Roy Lichtenstein Moonscape (Study), 1984
Image 8,6 × 13 cm (3.39 × 5.12 in)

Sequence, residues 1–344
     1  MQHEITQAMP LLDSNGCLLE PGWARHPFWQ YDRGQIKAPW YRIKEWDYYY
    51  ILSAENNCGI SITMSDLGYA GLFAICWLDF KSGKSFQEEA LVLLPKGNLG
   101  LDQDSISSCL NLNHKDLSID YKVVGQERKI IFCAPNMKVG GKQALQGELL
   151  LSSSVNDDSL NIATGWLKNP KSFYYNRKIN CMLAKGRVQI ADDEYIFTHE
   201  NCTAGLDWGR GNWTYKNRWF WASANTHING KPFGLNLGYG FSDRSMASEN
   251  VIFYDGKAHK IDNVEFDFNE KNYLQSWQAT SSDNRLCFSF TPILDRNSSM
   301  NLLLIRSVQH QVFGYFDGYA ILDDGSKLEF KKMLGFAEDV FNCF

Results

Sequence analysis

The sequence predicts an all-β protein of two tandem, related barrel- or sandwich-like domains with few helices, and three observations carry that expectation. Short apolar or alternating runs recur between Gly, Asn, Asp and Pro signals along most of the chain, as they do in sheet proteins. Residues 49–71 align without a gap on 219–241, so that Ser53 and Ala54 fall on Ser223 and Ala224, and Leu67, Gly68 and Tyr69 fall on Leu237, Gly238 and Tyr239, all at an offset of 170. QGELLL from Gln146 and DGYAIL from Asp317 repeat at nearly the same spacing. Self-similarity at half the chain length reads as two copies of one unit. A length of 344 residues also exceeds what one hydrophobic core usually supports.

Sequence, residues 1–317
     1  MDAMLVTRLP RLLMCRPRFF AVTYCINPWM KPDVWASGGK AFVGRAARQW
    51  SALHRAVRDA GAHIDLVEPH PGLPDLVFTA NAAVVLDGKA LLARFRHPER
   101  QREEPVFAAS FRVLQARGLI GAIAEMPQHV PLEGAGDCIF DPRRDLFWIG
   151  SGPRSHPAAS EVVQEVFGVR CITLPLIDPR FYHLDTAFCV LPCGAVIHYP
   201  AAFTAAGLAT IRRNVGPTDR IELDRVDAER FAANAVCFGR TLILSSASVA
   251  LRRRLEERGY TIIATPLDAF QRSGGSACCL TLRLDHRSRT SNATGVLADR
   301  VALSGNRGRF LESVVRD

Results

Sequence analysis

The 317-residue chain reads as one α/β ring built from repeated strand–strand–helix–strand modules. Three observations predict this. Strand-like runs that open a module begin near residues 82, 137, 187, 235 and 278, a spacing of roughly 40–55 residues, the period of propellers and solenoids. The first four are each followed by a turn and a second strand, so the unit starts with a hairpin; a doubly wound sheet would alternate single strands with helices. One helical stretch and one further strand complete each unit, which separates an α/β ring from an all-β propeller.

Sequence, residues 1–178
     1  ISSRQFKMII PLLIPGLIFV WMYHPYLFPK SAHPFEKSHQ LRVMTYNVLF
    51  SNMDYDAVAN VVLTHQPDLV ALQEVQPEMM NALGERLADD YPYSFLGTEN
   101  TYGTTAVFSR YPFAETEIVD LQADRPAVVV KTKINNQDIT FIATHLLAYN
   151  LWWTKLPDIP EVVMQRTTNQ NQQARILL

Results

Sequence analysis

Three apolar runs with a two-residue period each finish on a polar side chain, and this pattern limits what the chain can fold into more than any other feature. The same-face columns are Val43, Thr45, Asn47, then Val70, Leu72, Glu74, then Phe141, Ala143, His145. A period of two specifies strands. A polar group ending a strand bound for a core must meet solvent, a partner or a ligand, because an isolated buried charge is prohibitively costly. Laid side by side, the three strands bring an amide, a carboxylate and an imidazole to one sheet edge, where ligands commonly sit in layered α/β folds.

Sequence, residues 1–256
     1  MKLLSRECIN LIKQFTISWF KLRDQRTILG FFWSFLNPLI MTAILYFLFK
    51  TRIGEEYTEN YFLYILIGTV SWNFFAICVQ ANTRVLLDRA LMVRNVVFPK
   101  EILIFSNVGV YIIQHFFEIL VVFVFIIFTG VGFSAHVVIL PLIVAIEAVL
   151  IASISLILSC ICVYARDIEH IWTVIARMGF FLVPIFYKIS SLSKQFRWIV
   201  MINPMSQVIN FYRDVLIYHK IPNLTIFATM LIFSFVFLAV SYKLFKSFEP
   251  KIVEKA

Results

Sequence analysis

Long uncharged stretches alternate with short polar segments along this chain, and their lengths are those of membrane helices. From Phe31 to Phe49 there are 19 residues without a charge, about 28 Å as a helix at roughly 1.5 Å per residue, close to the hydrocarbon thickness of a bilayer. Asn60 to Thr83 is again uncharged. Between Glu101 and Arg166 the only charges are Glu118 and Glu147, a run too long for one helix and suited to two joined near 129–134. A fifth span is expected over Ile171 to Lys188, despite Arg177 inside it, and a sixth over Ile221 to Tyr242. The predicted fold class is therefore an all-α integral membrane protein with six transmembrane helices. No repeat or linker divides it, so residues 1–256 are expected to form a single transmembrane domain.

Moonscape (Study), 1984 is a preparatory drawing for Roy Lichtenstein’s seminal work Moonscape (1985) from his ‘Landscapes’ series. Out of the seven works from the series, Moonscape utilises the most colours, a combination of forty-five different hues ranging from Bocour blue to transparent orange. Another work from Landscapes, View from a Window (1985), is part of the MoMA’s permanent collection. Moonscape (Study) offers precious insight into Lichtenstein’s working process, revealing the presence of the artist’s hand, which is most often removed from the paintings of the Pop period. The scene – showing bathers laying in front of a lake that reflects the moonlight – is executed with energy and an economy of line. The undulating lines and rapid diagonal hatching convey a sense of freedom, looseness and freshness that is apparent in Lichtensteins’s work at large. They also give rhythm to the scene ; in his essay Brushstrokes, art historian Siegfried Gohr writes about the ‘musicality’ of the works from this period. The Moonscape drawing is not only a compositional device for the artist, orchestrating the scene with his new ‘brushstroke style’, it also demonstrates how Lichtenstein planned-out his combinations of colours.